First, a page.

“I sit at my desk every day and find that I have to send troubleshooting emails out around the world. I thoroughly enjoy the process. I am exposed to every industry where wire rope is used as well as to so many different cultures. They all have their own style of doing business. However, they all have one thing in common: They need follow through and support to analyze their applications and then after sale support to make the use of our systems successful for them. I feel we definitely have the know-how.”
United States Coast Guard training, Galveston, Texas.
During pressure lubrication wire, rope passes through a 100% pressurized and controlled immersion many times faster than manual applications. This in turn reduces labor costs, improves safety as well as increases the working life of the wire ropes being treated. The outer surface and groove pattern is wiped clean of water and contaminants which then allows optimal penetration of coating; there is less lubricant waste and more fluid film support between the strands, helping out in reducing friction wear.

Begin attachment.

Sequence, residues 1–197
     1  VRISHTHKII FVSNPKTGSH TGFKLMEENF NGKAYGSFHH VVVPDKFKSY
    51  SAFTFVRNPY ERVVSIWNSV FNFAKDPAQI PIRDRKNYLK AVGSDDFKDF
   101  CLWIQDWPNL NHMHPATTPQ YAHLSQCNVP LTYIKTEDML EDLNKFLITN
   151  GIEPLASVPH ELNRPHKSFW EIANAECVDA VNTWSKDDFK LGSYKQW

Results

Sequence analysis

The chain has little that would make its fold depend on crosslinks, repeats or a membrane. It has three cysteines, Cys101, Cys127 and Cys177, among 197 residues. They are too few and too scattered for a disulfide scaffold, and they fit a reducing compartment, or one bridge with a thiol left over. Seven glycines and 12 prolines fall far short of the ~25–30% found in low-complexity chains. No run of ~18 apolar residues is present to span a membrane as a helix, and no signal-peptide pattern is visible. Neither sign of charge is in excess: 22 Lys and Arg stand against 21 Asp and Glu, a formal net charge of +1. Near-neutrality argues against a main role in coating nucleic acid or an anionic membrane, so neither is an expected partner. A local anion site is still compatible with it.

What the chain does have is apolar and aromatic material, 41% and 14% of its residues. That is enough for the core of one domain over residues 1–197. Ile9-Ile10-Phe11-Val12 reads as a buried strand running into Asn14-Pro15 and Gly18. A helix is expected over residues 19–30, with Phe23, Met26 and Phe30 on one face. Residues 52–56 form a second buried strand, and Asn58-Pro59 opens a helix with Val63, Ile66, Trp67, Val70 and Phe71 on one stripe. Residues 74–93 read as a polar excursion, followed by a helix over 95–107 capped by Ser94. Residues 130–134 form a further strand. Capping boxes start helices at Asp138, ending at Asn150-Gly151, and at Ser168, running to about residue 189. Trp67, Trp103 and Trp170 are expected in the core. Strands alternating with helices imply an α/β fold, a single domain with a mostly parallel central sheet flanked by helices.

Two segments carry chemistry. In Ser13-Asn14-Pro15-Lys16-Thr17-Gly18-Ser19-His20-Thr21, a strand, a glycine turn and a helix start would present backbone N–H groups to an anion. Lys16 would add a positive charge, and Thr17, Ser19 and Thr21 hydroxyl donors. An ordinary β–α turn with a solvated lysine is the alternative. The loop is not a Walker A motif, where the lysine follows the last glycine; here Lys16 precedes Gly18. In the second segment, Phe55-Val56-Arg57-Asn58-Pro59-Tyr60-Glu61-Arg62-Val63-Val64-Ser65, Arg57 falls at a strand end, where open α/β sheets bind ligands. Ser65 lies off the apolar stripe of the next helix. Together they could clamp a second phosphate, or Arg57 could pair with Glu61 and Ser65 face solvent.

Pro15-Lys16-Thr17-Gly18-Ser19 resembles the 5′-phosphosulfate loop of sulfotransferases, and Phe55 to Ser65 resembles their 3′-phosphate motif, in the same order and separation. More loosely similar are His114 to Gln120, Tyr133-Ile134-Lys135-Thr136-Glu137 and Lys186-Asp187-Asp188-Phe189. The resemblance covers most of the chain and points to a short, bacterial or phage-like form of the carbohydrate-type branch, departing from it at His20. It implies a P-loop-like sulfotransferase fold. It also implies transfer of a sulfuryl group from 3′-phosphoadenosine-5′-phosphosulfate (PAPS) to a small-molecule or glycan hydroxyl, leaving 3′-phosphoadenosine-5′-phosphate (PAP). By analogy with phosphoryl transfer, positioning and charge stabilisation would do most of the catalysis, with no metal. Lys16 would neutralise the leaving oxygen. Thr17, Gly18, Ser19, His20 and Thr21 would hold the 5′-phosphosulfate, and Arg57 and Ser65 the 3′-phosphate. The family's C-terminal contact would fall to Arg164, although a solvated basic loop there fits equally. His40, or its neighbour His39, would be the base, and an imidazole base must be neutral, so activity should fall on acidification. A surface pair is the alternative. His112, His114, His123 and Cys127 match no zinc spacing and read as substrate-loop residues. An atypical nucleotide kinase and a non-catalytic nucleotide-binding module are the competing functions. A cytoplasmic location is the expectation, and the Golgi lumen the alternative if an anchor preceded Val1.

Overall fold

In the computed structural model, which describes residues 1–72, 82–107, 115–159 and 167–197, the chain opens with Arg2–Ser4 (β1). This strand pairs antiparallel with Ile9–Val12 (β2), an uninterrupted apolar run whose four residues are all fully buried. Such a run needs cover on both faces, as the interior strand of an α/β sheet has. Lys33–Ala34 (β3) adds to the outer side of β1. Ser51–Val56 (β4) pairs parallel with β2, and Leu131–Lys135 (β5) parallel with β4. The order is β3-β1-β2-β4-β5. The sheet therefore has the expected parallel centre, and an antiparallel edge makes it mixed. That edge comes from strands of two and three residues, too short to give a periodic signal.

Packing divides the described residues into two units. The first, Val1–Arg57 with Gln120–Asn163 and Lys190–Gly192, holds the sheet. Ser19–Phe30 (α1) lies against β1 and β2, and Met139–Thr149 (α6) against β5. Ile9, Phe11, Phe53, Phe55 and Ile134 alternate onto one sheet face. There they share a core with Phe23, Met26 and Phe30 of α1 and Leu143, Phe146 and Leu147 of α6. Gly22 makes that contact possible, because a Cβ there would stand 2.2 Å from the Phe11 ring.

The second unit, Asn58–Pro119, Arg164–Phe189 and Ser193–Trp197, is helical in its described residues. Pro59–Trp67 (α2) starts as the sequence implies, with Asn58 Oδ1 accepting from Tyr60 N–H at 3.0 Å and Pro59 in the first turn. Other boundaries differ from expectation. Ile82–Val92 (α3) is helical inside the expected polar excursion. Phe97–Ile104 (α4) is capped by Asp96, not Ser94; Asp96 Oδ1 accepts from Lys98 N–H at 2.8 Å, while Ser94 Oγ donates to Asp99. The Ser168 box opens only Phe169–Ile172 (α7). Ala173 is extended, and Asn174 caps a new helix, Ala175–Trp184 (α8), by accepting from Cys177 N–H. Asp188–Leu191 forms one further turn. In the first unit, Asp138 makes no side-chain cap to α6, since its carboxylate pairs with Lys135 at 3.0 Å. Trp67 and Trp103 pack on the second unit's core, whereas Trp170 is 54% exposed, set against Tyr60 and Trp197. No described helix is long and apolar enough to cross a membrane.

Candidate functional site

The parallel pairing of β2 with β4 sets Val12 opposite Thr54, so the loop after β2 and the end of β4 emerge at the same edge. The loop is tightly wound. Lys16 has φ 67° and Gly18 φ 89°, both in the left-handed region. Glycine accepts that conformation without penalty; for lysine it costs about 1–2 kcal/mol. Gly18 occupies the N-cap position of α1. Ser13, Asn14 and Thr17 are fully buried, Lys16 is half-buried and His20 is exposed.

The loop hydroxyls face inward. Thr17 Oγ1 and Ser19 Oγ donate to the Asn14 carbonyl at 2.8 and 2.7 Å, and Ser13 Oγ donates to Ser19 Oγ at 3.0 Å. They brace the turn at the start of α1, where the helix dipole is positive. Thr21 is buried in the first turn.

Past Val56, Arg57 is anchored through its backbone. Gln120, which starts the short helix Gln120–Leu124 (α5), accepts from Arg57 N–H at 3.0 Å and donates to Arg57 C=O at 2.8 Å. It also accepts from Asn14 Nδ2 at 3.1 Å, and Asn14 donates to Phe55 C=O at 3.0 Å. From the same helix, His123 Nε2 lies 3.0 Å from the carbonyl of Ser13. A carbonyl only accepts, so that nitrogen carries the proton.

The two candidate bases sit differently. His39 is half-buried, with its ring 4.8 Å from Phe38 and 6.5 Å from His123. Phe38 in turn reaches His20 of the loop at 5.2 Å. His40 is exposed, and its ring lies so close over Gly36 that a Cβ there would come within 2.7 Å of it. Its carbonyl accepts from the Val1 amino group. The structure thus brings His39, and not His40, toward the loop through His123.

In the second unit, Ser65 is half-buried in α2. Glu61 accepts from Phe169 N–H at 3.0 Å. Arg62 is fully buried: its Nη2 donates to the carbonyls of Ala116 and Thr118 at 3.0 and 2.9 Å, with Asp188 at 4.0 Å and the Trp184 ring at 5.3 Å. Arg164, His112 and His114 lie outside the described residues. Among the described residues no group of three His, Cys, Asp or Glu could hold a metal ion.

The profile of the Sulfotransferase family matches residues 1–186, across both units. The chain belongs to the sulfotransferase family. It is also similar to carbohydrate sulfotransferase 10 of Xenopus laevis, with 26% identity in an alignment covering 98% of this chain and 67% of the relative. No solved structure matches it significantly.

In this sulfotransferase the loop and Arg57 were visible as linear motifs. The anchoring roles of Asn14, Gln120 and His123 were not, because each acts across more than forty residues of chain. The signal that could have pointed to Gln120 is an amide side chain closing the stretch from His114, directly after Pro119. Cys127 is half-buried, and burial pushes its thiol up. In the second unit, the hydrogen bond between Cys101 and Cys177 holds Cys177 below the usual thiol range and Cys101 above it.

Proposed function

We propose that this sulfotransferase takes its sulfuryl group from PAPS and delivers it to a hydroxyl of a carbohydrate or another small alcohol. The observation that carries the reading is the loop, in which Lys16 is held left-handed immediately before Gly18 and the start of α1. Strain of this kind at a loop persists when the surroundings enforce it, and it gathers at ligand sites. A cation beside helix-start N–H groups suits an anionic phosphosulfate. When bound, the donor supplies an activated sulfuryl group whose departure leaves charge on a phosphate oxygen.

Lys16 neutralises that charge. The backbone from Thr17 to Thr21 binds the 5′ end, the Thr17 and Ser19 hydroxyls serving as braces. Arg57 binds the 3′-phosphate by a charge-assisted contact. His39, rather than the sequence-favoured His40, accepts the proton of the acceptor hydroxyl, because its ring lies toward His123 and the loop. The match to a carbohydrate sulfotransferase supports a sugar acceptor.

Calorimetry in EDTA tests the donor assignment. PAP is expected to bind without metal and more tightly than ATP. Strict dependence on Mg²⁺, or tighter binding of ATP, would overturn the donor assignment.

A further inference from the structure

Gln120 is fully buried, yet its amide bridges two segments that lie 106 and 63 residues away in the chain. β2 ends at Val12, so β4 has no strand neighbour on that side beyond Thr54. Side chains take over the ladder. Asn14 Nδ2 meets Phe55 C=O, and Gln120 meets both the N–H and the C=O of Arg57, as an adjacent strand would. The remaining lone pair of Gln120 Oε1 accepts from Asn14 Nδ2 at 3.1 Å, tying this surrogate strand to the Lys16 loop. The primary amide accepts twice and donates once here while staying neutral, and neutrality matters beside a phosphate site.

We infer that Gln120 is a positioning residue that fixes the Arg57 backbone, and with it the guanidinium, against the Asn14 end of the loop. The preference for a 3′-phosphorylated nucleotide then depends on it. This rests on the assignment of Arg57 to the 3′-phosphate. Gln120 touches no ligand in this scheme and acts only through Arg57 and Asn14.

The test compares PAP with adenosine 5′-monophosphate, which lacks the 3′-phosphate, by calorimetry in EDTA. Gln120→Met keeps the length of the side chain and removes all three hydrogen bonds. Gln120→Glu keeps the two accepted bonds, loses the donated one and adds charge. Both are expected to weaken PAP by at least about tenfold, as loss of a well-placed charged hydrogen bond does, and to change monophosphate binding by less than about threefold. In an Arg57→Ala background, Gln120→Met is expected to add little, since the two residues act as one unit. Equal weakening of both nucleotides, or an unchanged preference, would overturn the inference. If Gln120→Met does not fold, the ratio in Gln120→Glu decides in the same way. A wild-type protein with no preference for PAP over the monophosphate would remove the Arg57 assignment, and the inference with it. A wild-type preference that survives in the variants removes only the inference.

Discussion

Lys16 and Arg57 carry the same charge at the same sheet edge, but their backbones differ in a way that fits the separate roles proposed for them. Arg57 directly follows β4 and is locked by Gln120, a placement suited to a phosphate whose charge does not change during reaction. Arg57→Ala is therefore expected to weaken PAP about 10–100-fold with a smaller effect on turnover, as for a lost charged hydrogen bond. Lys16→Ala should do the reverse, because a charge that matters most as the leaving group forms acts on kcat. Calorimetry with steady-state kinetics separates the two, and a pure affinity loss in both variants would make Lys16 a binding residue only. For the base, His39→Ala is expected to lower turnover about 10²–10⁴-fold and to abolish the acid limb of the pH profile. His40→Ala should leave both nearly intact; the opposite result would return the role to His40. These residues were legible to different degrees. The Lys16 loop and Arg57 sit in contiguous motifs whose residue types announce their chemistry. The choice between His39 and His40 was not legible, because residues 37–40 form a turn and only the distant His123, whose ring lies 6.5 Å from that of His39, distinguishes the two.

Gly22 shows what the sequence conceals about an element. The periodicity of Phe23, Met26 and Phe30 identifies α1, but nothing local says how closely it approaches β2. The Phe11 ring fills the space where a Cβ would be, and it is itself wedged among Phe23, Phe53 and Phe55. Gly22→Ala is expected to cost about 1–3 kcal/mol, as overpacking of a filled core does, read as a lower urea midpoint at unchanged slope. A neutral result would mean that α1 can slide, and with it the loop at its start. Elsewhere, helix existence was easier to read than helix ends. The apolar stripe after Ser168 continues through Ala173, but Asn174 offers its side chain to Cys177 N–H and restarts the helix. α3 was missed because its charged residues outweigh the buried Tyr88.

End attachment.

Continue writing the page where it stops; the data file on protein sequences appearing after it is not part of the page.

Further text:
“I thoroughly understand the end user’s maintenance operations because I used to be in the crane business. I know what to quote them, what they require, whether for offshore cranes, mooring lines for tankers or whatever it may be.” Kirkpatrick likes to remind those he deals with of the facts regarding pressure lubrication, as well as straighten out the numerous misconceptions.
“There is this idea that the pressure inside the collar may go has high as 5,000 psi. We tested a competitor’s system on a one inch six strand with their lubricant and the internal pressure was approximately 10 psi. Using our system with the competitor’s coating product, we had an internal pressure of 100 psi. In either case it is a far cry from the 5,000 psi which came up in discussion, an impossibility because no lubricator is a closed hydraulic system.
“The reason for this is that the lubricant moves through and around the wire rope in the stationary pre-travel mode and then as the wire rope travels through the seals more pressure is released as the wire rope removes the lubricant feeding into the seals. In any event the amount of internal pressure is dependent on the strand density and the configuration of the wire rope it has to penetrate.